Fluoride Action Network

Fluorosis: Significant progress in the last 10 years, thousands still susceptible

Source: FACTLY | By Pavithra K M
Posted on September 29th, 2020
Location: India

Data recently provided by the government in Lok Sabha indicates that the number of fluoride affected habitations have decreased by almost 80% in the last 10 years. Five-states make up for more than 80% of the affected habitations as on date. Despite the significant progress, thousands are still susceptible to the disease and there are 1.2 million suspected cases of fluorosis in the country. 

Fluoride is beneficial to humans when consumed at optimum levels as it helps prevent dental caries. However, exposure to fluoride in high concentrations frequently results in damage to the bones and teeth of humans apart from the other ill effects, such as crippling, staining and pitting of teeth. The disease caused by excess exposure is known as Fluorosis and is mainly of two types- Dental Fluorosis and Skeletal Fluorosis. As the names suggest, Dental Fluorosis is when the tooth enamel is damaged and Skeletal Fluorosis is when the bones are affected. Excessive fluoride accumulates in bones and causes the bones to weaken. Children and pregnant women are the most vulnerable to the condition. If detected at an early stage, the condition of the child can be reversed. But, in extreme cases, the person might even lose their ability to move.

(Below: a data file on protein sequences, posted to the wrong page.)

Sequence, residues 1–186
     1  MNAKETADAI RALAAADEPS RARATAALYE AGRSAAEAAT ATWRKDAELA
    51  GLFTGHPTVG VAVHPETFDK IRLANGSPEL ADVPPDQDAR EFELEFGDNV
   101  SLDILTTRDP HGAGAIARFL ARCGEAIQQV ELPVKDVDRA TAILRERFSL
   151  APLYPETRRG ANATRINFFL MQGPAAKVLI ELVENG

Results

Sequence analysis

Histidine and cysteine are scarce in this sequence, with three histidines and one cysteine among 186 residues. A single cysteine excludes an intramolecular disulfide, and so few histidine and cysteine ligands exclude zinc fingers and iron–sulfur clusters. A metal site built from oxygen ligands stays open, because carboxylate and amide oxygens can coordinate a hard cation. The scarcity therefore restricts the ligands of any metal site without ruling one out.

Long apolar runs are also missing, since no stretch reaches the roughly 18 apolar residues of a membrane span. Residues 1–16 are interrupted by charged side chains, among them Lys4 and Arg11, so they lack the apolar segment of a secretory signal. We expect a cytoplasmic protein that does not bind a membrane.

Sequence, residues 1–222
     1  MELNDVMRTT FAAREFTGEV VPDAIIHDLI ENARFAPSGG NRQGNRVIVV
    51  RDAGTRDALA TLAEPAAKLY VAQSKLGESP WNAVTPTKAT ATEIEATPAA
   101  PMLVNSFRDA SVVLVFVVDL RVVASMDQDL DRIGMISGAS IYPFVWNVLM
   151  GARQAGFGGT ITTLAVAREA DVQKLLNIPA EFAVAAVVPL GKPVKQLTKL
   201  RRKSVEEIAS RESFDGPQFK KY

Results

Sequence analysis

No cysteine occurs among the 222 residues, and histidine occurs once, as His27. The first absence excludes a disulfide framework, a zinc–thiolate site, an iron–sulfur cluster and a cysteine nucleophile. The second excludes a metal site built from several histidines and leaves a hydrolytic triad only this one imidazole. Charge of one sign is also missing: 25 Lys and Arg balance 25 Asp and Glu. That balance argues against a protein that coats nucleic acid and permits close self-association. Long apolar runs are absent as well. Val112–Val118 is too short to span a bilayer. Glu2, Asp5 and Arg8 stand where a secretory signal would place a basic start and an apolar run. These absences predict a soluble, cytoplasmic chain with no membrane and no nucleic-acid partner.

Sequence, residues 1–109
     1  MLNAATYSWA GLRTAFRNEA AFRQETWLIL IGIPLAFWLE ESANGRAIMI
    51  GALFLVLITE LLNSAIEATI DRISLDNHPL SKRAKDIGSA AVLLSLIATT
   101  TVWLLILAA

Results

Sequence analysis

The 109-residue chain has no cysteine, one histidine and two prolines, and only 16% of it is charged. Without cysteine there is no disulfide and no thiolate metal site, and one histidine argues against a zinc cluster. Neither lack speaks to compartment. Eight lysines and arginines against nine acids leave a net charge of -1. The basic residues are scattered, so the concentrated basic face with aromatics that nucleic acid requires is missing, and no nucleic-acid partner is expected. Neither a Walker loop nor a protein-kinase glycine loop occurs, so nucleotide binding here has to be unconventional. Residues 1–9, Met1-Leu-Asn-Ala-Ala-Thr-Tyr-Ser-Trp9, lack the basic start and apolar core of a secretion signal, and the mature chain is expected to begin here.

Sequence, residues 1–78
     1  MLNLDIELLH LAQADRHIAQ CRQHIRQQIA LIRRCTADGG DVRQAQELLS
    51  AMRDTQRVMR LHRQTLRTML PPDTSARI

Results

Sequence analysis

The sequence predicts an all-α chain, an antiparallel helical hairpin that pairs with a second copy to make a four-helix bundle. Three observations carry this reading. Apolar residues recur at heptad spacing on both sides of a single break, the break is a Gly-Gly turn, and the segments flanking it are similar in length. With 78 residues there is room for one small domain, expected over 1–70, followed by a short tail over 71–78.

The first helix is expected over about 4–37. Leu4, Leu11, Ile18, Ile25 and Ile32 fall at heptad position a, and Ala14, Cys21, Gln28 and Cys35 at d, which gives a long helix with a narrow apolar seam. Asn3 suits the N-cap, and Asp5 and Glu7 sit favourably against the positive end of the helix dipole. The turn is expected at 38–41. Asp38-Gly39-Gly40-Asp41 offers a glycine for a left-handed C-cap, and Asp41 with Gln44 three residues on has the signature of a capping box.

Both natural and human activities release fluoride into the atmosphere

Consumption of water with high concentration Fluoride has been identified to be the major cause of the disease. Naturally, weathering of rocks rich in Fluoride ends up in the groundwater, mainly in arid and semi-arid regions. At the foot of high mountains and in areas where the sea has made geological deposits, the concentration of Fluoride is generally higher. Apart from this, emission of fly ash and use of phosphate containing fertilizers which also end up in water sources result in contamination of the water bodies. Other industrial activities such as cement production and aluminium smelting, also release fluoride into the environment.

Fluoride consumption through water is the prominent cause of the disease in India

Fluorosis is endemic in at least 25 countries, which lie in the natural Fluoride belts- one that stretches from Syria through Jordan, Egypt, Libya, Algeria, Sudan and Kenya, and another that stretches from Turkey through Iraq, Iran, Afghanistan, India, northern Thailand and China. There are similar belts in the Americas and Japan. In India, presence of excessive fluoride in drinking water is the main cause of the disease. However, in parts of Gujarat and Uttar Pradesh, industrial fluorosis is also evident.